It’s a great option for any non-EU resident who earns at least €2,232 per month and works remotely for a foreign company or runs their own. You can apply for the visa either in the consulate or embassy of Croatia outside the country or at the embassy or consulate or a police station inside Croatia.

Croatia is warm, welcoming, and quite versatile. Zagreb and Dubrovnik have lots of coworking spaces and a driven community, while smaller places like Split or Pula offer beaches and more secluded options.

  • Length: 365 days + 1 additional year after 6 months away
  • Local Tax: 0% for the Digital Nomad income
  • Application fee: €55 for the temporary permit, €61 for the Croatian visa if you need one, and €41 for the resident card.
  • Min Annual Income per person: €26,790 (€2,232 per month)
  • Internet: ●●●●○
  • Community: ●●●●○
  • Cost of life: ●●●○○

Czech Republic

A place worth mentioning in the list, even though it might be a harder visa to get — but maybe you’re into Prague just enough to go an extra mile! Czechia has a visa called Zivno that offers you 1 year with an opportunity to extend it and is technically free.

The only trouble is that if you’re applying for the program, you have to get a license for performing one of the trades mentioned here. English teachers, IT specialists, tattoo artists, and other freelancers or business owners are actively using this kind of visa to move to the Czech Republic.

It sounds like a harder option for many travelers, however, it works for a wider variety of professions, so even if you work in a sphere other than digital, you have a good chance to obtain a nomad visa for the Czech Republic.

  • Length: 365 days
  • Local Tax: classic Czech taxes (Czech Income Zivno Tax, Czech Social Insurance, Czech Health Insurance)
  • Application fee: free
  • Min Annual Income per person: not specified, but you need at least €5,536 in your bank account
  • Internet: ●●●●○
  • Community: ●●●●○
  • Cost of life: ●●●○○


Estonia is one step ahead of other countries when it comes to digital progress. Estonia introduced its digital nomad visa in June 2020 — one of the first countries to ever do that officially.

Estonian digital nomad visa allows you to spend up to one year there. The rules are the same as for many other countries: working remotely for a company registered abroad, running your own company — also registered abroad, or freelancing for non-Estonian clients.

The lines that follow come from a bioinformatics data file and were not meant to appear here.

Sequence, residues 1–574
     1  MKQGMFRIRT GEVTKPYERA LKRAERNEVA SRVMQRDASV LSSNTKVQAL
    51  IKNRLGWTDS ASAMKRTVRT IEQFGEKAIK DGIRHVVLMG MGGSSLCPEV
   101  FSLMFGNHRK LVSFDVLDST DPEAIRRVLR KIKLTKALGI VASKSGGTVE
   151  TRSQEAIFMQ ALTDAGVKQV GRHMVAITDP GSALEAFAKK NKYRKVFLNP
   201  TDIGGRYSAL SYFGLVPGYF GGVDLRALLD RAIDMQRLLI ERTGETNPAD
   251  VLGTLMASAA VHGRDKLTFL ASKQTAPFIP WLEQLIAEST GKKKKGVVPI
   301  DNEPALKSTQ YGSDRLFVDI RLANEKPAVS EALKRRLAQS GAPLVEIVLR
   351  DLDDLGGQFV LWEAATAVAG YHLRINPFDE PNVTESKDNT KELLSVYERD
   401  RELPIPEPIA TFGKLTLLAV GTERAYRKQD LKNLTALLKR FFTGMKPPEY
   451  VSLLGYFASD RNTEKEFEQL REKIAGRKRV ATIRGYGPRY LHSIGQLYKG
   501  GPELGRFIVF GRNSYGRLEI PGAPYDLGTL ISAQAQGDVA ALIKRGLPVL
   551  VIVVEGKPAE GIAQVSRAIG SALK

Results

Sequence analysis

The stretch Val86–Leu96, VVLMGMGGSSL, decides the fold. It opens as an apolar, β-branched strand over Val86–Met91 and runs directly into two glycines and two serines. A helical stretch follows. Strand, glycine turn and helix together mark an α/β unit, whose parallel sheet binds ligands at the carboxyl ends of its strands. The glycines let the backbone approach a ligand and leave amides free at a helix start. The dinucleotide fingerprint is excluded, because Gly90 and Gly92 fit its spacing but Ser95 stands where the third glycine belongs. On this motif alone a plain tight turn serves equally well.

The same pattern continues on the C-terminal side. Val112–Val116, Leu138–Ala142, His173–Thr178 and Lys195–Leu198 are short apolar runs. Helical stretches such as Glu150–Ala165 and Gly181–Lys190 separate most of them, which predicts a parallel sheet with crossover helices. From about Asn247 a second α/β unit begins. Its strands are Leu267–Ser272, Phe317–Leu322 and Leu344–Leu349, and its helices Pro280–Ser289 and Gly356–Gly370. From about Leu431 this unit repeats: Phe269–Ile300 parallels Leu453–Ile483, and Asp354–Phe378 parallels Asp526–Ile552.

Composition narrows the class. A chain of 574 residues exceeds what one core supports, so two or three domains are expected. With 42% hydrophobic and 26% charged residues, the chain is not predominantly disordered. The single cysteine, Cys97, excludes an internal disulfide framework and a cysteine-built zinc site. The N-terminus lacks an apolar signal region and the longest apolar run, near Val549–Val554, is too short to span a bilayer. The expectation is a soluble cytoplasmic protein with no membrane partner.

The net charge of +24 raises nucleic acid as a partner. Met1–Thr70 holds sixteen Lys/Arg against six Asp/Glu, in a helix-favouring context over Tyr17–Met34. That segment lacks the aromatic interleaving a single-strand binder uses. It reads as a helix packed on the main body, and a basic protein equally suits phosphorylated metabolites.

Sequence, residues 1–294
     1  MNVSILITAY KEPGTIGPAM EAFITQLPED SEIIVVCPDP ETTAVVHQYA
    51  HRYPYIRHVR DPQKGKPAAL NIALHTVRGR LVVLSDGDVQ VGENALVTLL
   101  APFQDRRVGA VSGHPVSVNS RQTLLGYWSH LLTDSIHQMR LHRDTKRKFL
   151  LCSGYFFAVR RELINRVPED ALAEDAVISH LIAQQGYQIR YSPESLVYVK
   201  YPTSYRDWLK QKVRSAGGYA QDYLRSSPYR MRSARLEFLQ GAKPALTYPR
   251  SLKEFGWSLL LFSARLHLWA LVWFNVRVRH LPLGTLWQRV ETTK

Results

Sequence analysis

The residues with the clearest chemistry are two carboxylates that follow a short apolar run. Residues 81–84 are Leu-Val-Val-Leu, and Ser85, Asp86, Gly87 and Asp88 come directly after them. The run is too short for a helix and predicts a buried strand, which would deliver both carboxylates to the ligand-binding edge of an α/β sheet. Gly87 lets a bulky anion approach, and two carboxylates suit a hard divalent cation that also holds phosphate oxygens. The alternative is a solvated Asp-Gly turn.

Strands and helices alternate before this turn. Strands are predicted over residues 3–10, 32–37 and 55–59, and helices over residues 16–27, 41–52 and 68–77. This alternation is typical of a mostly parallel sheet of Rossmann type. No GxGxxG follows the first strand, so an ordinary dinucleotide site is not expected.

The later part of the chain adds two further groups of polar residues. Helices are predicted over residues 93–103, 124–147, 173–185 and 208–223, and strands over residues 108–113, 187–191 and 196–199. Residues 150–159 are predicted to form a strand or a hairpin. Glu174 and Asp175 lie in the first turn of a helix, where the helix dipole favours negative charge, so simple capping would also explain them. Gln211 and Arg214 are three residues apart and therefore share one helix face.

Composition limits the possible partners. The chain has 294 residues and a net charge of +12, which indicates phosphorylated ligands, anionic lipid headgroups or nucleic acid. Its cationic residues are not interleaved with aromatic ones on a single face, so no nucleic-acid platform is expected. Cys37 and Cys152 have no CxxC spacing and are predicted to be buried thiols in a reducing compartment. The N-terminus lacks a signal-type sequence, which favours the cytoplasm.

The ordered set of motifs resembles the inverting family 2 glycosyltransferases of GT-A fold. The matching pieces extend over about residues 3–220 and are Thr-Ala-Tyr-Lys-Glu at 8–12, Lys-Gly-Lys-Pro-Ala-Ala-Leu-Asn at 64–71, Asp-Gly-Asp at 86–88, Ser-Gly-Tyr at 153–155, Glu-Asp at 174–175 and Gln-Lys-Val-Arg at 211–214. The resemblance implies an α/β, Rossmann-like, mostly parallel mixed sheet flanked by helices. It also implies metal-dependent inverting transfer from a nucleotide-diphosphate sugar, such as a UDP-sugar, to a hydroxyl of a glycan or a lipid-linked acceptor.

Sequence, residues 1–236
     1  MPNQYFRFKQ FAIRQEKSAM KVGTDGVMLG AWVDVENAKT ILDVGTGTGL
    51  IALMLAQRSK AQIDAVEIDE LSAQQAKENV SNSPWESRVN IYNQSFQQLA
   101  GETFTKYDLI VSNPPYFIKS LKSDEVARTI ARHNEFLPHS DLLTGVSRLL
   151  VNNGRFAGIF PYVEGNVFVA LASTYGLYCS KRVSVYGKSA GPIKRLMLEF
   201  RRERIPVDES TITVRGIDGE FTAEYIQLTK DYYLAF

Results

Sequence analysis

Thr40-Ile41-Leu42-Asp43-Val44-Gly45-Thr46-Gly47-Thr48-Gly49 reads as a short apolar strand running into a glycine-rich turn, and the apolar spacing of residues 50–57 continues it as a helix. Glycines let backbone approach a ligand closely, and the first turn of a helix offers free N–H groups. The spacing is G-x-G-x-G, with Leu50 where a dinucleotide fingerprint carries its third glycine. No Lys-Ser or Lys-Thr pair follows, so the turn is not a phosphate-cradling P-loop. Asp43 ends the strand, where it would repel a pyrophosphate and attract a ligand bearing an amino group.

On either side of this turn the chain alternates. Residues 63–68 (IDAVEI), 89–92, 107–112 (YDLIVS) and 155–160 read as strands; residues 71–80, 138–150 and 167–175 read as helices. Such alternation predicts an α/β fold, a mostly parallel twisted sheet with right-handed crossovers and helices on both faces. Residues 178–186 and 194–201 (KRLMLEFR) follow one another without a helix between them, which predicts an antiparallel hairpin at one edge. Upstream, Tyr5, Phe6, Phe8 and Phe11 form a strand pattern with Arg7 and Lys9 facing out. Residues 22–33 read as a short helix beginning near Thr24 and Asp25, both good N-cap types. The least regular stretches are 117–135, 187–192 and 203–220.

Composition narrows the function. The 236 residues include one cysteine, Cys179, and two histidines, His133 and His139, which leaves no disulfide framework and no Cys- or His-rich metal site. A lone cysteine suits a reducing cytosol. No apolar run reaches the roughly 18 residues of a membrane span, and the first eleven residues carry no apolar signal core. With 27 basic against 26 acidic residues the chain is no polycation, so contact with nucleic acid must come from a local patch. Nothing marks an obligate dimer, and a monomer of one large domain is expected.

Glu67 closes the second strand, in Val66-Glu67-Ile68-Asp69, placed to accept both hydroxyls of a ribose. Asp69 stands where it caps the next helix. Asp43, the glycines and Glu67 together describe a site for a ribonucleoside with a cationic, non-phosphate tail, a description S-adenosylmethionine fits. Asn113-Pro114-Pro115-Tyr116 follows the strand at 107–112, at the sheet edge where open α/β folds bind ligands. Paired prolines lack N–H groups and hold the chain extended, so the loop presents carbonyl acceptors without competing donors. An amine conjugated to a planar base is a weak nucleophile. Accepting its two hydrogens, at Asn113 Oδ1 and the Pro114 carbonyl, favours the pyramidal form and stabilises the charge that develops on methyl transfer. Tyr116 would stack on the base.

One can apply for a visa at the Estonian Embassy or from inside the country at the Police and Border Guard Board office. The process is pretty straightforward. The only trouble is, that practice shows that some nomads run into troubles with taxation.

Estonia is a great place for IT start-ups and tech freelancers. The tech scene is extremely powerful here, so the networking will be worth it!

  • Length: 365 days
  • Local Tax: 0% up to 183 days spent, after that — local business tax
  • Application fee: €100 long-term, €80 short-term
  • Min Annual Income per person: €46,495
  • Internet: ●●●●○
  • Community: ●●●●○
  • Cost of life: ●●○○○

United Arab Emirates

If you're looking for something luxurious rather than downshifting, here’s your option! The UAE offers its Virtual Working Programme for one year for foreigners.

This visa grants you a right to live and work remotely from anywhere in the UAE with no local taxes or contributions and no compliance issues. It’s suitable for those working remotely for a foreign company or entrepreneurs who run their own company abroad.

The application process is quite a pain in the neck, but the infrastructure for remote workers and the community may outweigh it. The UAE and Dubai in particular is yet another powerful tech playground, so if you’re not easily scared out by such a lifestyle and high prices, you should give Dubai a run!

  • Length: 365 days
  • Local Tax: 0%, yay!
  • Application fee: $350
  • Min Annual Income per person: $42,000
  • Internet: ●●●●○
  • Community: ●●●●○
  • Cost of life: ●●●●●


In fact, Spain is still to release its digital nomad visa, but the project looks very promising. With Spain becoming more and more popular as a nomad destination, the implementation of a visa is only a matter of time.

Meanwhile, there’s also a Spain Non-Lucrative visa that is available now. It’s created for non-EU citizens who can live in Spain without working, aka, have enough money. Nomads have been using it as a substitute for a long time even though technically you can’t really work with this kind of visa.

Crossing our fingers and waiting for a fully finished project of a Digital Nomad Visa!

  • Length: 365 days
  • Local Tax: 24% tax for the first €600,000 earned
  • Application fee: no info yet
  • Min Annual Income per person: not stated but lies somewhere in between €1,000– €3,000 per month
  • Internet: ●●●●○
  • Community: ●●●●○
  • Cost of life: ●●●○○

The digital nomad trend is growing, so more and more countries are coming up with the idea of how to provide remote workers with visas and a more or less stable position legally.

Popular nomad destinations such as Mexico, Thailand, Cyprus, Bali, and more are either offering a temporary residency or an extended tourist visa. Nevertheless, it looks like all of them are getting there eventually — we’ll keep an eye on that!